Category: Young Adult

‘The Poet X’: WOC Representation and Sexual Tropes / ‘Poet X’: Representación de MDC y Tropos Sexuales

For decades WOC representation have been plagued by hypersexualized tropes; the end result being flat characters. This Hispanic Heritage Month we look at The Poet X by Elizabeth Acevedo; a novel that highlights proper representation and flips those age old tropes on their head.

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'Juliet Takes a Breath' Cover

Celebrate Hispanic Heritage Month with ‘Juliet Takes a Breath’

In honor of Hispanic Heritage Month beginning today, it only seemed to right to share a wonderfully written YA novel by the Puerto Rican, queer, Bronx-born icon Gabby Rivera. She is the first Latina to ever write for Marvel and the mastermind behind the America comics series, starring America Chavez. Juliet Takes a Breath is Rivera’s first fiction work—and an utterly smashing one at that.

The story opens with Juliet Milagros Palante, a queer, Puerto Rican college student with a whole lot of questions. And, a whole lot of hope. At only nineteen years old, Bronx-born Juliet is still trying to figure out how all the aspects of her identity come together. Her first year of college brought her her first girlfriend, Lanie. Amongst all the excitement and puppy eyes that come with your first love, Juliet can’t ignore two unsettling facts: Lanie refuses to introduce her to her parents, and Juliet has yet to come out to her own family. Juliet also has to battle anxiety-induced asthma and growing insecurities around her chubby brown body. It’s at this crossroads that she finds the book that will change her life: Harlowe Brisbane’s Raging Flower: Empowering Your Pussy by Empowering your Mind.

Gabby Rivera

Author gabby rivera | via nbc news

Excited by her first exposure to queer-centric, radical feminism, Juliet emails Harlowe to ask if she can spend the summer interning with the acclaimed feminist in Portland, Oregon. To Juliet’s surprise, and delight, Harlowe emails her back. It’s a yes.

That’s how Juliet ends up in the middle of quirky, weird, and very white Portland. If being dropped in a city that feels like another planet weren’t disorienting enough, Juliet’s head is still reeling from coming out to her family the night before she left. It didn’t go well. Nevertheless, she persists and launches herself into Portland life. The vibrant people she meets not only help her begin to make sense of her identity, but also realize that it’s okay to not have the answer to every single question.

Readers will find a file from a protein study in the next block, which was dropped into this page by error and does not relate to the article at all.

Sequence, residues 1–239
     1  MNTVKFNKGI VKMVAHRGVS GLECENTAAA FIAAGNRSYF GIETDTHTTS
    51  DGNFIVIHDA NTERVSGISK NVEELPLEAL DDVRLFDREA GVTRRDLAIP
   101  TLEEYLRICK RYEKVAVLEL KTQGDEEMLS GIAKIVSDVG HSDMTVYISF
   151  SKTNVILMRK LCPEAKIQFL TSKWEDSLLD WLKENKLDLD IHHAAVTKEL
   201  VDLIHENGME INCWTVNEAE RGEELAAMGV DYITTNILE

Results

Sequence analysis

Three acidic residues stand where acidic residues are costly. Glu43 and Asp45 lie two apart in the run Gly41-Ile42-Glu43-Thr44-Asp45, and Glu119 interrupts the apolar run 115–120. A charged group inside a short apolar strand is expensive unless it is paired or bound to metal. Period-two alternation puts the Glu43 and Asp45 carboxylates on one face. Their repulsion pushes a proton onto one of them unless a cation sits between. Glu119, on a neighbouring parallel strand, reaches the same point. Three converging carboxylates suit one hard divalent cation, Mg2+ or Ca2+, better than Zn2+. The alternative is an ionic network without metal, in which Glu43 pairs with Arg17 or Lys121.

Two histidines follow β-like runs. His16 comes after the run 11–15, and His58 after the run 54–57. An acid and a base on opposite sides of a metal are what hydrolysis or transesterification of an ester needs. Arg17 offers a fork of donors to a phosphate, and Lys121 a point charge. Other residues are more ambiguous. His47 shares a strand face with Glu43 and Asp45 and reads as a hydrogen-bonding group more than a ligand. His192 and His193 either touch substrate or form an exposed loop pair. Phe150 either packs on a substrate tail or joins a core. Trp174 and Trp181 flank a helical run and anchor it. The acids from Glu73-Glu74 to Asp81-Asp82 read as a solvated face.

She learns what preferred gender pronouns are and what it means to not conform to gender entirely. She meets expecting queer parents and a writing circle comprised entirely of Black female authors. She faces the reality of hegemonic whiteness and its enduring detrimental effects on feminism. She meets an adorably cute, motorcycle-riding librarian who actually makes her feel appreciated for who she is—something she can’t say about Lanie. Juliet’s relationship with her family, though strained at times, evolves in ways that both break your heart and put it back together. Through it all, Juliet remains curious with the world. She allows herself to feel her pain and emotions with full force and learns from them. Most importantly, she refuses to be deterred from living and loving with beautiful conviction. When Juliet embraces her identity as a queer, Puerto Rican, Bronx-born, and burgeoning intersectional feminist, you can’t help but feel proud.

Juliet in comic form

Juliet in comic form | Via los angeles times

That’s one of the most special things about Juliet. She’s fiercely independent and entirely vulnerable at the same time, demonstrating that the two qualities aren’t mutually exclusive. They make her, and every single one of us, all the more human. Rivera writes with unmistakable authenticity. Every interaction, every train of thought, and every depiction feels real. You can’t help but knowingly laugh when Juliet is a sweaty disaster over talking to a pretty girl. Your chest aches during Juliet’s tense phone calls with her mother. And, you know the excitement, nerves, and relief that all come when she walks into the middle of a huge, gay party because she’s finally found her people. Rivera confronts the monolithic white, cis stereotype of the queer woman with grace and uses her platform to highlight the actual diversity of the queer female community. That’s why Juliet Takes a Breath is so important. It’s rare that queer women are given a narrative written with so much care in representing all of the unique identities that exist within our community and lived experience. As a queer woman who’s in her early 20s and also still trying to figure everything out, reading Rivera’s words really is like taking a breath. She makes you feel understood, and she makes you feel like you’re not alone.

Feature image via purewow